So … yeah, it’s a great storytelling advice. It can help absorb and entertain me for two or three hours (although Ethan and Joel Coen’s True Grit is a resolutely 2D experience that thoroughly absorbed and entertained me).

But I’m yet to be convinced that it can really help a film move me — whether to tears or laughter or seat-clenching anticipation or fist-pumping exultation.

In the end, I feel that the ‘reality’ promised by 3D technology is overrated. What I want from my movies is not reality but life.

I want movies to live. Rather than being things I simply watch, I want them to be things that get a grip on me: lifting me, shaking me, dropping me, cracking open the world in whole new (and even uncomfortable) ways.

What I want is something a little bit like what the literary critic Eric Auerbach famously says biblical narrative offers (Mimesis, page 15):

Far from seeking … merely to make us forget our reality for a few hours, it seeks to overcome our reality: we are to fit our own life into its world, feel ourselves to be elements in its structure of universal history.

That’s why I’m yet to be convinced about 3D movies.

the all-purpose theological trump card (iii)

It’s probably about time I answered for my outrageous suggestion about the possibility of overstating the importance of the story of Israel.

And I’d like to strengthen my original suggestion. Not only does the grand narrative of God’s promises worked out through Israel and climactically fulfilled in Jesus not solve every theological problem, I believe that it actually creates some of the most enduring ones.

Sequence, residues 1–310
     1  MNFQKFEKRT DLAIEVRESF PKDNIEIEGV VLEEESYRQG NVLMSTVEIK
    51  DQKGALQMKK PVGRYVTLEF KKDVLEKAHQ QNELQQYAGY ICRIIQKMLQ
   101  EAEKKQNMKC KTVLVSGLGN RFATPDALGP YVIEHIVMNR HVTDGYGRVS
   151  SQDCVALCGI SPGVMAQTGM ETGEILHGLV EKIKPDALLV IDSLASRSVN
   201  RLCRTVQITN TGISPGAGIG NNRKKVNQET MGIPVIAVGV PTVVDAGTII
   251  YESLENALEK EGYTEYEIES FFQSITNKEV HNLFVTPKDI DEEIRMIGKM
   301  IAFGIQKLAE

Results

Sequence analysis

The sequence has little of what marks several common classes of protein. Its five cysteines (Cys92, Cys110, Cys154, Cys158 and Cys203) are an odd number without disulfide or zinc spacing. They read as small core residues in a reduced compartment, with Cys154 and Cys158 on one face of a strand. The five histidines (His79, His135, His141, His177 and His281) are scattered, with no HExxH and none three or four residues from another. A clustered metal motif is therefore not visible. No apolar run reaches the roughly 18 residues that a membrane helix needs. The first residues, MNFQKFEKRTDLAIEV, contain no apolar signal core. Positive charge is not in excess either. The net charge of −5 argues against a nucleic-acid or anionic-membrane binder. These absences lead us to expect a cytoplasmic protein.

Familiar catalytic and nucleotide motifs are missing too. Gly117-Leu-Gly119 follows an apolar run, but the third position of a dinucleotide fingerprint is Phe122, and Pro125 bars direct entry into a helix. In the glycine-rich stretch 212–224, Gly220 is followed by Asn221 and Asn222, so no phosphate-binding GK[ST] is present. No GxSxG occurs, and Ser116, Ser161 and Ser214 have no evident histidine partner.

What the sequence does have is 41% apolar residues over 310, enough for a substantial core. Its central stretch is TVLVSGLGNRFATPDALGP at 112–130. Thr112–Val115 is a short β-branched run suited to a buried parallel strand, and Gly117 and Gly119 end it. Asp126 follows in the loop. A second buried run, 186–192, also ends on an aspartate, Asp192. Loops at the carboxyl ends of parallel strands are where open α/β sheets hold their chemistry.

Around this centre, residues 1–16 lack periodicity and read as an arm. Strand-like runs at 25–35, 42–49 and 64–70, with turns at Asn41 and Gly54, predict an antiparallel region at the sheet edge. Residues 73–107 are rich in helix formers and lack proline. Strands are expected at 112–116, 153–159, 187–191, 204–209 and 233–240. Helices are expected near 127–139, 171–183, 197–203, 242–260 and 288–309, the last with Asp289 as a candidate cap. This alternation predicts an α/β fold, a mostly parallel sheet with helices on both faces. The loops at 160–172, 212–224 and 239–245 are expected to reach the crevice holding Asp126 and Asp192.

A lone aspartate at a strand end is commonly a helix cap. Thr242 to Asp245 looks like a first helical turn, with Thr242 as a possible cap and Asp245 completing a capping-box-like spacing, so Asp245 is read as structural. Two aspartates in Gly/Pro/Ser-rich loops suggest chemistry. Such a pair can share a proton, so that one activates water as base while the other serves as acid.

This is not to say that it doesn’t recast or relativise many theological (and exegetical) problems. I’ve gone on record as a card-carrying believer in its importance in the case of the problem of evil as well as of the squabble over the precise connotation of daily in ‘Give us today our daily bread’.

But some of the toughest questions in Christology aren’t quite so lucky.

I have in mind questions about how to maintain the integrity of Christ’s divine and human natures without jeopardising their relationship with one another.

These are the kind of questions that make contemporary theologians shuffle their feet and look down (because these theologians are good post-Enlightenment thinkers and therefore cagey about metaphysics).

Take John Calvin’s approach, for example. His description of the person and work of Christ has been (justifiably) described as ‘classical’ and even ‘catholic’. And yet this is not because Calvin — willingly or unwillingly — accommodated metaphysical questions against the better impulses of his Protestant hostility to speculation.